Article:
Marquee Sports Network will air ‘The Reporters’ live after segment critical of Cubs doesn’t air
Said Marquee general manager Mike McCarthy: “A judgment was made on the fly that in retrospect was overly sensitive. Going forward, the show will be live, and the reporters on it are completely unedited, as the intention really has been all along.”
Sequels, prequels and remakes are all the rage in entertainment, and Marquee Sports Network created its own with “The Reporters,” a spin-off of “The Sports Writers on TV,” which aired mostly on SportsChannel Chicago from 1985 to 2000. Ben Bentley, Bill Gleason, Bill Jauss and the Sun-Times’ Rick Telander were the usual panelists.
“The Reporters” records and airs Sunday mornings with different panelists each week. But they sit around a similar card table with a similar pool-hall light above them and the same black background behind them. What the show is missing is clouds of cigar smoke and, at least for one episode, credibility.
During taping Sunday of its fourth show, Marquee didn’t air a segment in which the panel questioned Cubs president Jed Hoyer’s transparency regarding the team’s roster rebuild. In response to questions about the incident, Marquee general manager Mike McCarthy said the show will now air live.
“A judgment was made on the fly that in retrospect was overly sensitive,” McCarthy said. “Going forward, the show will be live, and the reporters on it are completely unedited, as the intention really has been all along. Because the luxury of taping the show was in place, some people decided to get a little careful and avoid, among other things, repetition from other shows.
“It’ll be pretty hard to censor somebody that’s on live television. We’re going to remove that element to it because people make decisions that other people wouldn’t make. But this is not a Cubs management-Marquee management swath across the bow that no one’s ever critical of the Cubs because that’s not the case in this show’s brief history. And it won’t be going forward.”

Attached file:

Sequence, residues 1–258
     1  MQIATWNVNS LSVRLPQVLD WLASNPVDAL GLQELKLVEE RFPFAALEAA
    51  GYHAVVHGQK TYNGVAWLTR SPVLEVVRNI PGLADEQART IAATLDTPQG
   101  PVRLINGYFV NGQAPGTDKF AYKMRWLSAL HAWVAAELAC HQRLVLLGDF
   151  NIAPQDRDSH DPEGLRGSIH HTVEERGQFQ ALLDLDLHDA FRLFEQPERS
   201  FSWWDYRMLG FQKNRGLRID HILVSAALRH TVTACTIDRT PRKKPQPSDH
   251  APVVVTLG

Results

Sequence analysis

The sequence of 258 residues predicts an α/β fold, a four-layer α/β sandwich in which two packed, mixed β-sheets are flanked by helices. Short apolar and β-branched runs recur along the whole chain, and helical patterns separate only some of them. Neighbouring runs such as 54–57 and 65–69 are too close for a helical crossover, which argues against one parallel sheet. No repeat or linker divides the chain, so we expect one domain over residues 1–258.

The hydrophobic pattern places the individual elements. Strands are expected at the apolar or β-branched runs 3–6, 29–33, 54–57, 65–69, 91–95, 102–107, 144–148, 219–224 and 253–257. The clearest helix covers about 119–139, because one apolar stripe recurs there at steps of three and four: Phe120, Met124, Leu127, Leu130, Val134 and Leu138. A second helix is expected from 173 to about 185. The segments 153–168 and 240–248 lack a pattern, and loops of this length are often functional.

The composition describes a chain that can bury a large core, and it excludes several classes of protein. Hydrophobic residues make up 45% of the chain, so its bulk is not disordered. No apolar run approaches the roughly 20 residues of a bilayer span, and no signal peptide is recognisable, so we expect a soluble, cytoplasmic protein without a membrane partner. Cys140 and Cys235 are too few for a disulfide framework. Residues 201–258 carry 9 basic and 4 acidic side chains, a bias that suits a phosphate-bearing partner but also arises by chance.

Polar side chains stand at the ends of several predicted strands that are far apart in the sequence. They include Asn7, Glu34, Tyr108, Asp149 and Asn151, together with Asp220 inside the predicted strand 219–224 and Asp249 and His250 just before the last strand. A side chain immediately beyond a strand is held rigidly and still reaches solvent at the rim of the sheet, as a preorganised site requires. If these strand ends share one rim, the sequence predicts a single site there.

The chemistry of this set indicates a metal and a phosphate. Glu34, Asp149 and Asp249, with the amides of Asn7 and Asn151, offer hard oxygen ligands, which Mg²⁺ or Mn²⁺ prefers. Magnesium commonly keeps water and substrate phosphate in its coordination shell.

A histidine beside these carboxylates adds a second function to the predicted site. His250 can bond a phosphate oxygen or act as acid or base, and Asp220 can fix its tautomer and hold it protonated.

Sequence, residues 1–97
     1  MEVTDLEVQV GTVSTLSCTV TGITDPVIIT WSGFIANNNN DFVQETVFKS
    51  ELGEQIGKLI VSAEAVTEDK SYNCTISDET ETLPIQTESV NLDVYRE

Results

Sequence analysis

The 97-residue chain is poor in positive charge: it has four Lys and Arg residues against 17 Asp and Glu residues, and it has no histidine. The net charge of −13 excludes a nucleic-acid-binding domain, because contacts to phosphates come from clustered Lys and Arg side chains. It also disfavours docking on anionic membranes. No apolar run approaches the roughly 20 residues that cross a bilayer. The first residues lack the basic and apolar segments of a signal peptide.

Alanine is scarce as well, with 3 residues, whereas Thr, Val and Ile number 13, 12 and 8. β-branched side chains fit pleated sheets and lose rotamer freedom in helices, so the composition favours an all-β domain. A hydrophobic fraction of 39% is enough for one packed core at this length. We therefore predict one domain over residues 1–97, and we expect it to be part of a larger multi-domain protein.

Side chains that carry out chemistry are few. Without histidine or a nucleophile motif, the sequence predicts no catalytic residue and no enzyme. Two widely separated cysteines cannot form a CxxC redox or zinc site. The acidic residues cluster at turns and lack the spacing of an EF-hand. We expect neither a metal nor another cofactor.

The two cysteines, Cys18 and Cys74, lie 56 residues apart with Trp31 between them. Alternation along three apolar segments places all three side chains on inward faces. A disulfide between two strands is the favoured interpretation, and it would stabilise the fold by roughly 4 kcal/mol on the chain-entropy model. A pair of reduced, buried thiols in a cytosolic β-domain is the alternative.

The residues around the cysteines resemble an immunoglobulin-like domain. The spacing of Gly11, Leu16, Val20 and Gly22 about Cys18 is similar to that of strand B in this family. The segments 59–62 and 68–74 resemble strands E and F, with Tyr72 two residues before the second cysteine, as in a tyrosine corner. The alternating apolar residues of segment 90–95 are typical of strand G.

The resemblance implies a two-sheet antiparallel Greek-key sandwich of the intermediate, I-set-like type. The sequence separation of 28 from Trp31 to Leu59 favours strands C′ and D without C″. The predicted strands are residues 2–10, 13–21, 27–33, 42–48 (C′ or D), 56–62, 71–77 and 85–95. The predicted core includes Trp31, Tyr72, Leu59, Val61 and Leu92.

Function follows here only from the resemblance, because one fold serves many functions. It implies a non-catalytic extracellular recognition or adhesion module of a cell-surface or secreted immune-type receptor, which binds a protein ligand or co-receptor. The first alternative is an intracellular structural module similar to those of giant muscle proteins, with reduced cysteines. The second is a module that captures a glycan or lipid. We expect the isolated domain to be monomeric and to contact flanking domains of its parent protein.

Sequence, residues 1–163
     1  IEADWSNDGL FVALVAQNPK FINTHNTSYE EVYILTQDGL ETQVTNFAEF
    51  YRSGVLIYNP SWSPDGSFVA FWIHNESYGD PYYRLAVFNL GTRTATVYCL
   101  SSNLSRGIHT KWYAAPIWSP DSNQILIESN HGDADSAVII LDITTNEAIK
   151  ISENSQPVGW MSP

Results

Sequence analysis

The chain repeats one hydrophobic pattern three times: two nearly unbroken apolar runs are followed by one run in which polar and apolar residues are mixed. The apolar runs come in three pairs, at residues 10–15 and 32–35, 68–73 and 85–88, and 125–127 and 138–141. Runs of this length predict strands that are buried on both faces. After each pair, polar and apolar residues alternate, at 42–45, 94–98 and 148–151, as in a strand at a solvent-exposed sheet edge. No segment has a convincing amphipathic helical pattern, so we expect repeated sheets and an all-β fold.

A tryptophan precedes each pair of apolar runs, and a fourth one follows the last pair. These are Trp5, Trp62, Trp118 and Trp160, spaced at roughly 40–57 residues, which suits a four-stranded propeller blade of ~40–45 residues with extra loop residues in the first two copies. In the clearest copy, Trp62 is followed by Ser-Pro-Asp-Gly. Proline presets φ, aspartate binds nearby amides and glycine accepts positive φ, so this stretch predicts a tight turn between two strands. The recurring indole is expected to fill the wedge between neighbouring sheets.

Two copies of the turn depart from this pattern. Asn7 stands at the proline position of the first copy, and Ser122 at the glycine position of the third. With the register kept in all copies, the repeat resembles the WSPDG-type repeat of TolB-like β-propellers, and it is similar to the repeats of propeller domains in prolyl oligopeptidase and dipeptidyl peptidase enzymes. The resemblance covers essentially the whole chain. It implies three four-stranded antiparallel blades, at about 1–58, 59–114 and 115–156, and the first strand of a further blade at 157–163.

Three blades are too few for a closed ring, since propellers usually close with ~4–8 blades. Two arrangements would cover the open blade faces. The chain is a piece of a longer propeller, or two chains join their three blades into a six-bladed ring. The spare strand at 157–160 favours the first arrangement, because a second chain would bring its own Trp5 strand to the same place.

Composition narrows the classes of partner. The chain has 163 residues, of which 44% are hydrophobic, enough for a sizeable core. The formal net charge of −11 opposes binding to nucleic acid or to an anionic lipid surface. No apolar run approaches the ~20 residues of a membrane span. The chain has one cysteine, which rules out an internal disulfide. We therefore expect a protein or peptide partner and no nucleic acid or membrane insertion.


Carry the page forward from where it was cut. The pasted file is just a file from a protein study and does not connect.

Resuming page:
The panel — which consisted of host Bob Sirott of WGN Radio, David Haugh of The Score, Peggy Kusinski of ESPN 1000 and Maddie Lee of the Sun-Times — had begun to discuss the different approaches between former Cubs president Theo Epstein and Hoyer, who has been reticent to describe his plan as rebuilding.
After Kusinski and Haugh spoke, Lee said she was about to speak when a producer said they needed to restart the segment because of technical difficulties. But before they began, the panel was told to steer clear of talk about transparency.
“We all looked at each other very confused, like, is this happening?” Lee said. “I said it’s peak irony that they’re going to blame technical issues in restarting a segment about transparency.”
Sun-Times sports editor Chris De Luca told the staff Tuesday that the Sun-Times would no longer participate in the show.
“It really felt like it was not a big deal,” Kusinski said. “In the spirit of sports-talk radio in Chicago, it was tame. You’d think that the powers that be understand that people are passionate in Chicago, and reporters will reflect that passion. I believe that’s what the Cubs will want.”
For the show to draw viewers, it needs that passion. What it didn’t need was to give viewers a reason not to watch. Nostalgia will carry it only so far. Content is king, and it might take awhile to regain viewers’ trust. Airing the show live is a big step toward that.
Marquee entered the Chicago sports scene facing concerns about the objectivity of its Cubs coverage. There have been times during postgame shows when the crew has noticeably strained for positivity. But viewers can see right through that.
“The Sports Writers on TV” never pulled punches. It’s great that Marquee wants to connect to the city’s sports-talk history. But if it’s to connect with Cubs fans — many of whom are still bitter about its mere existence — Marquee must make credibility its priority.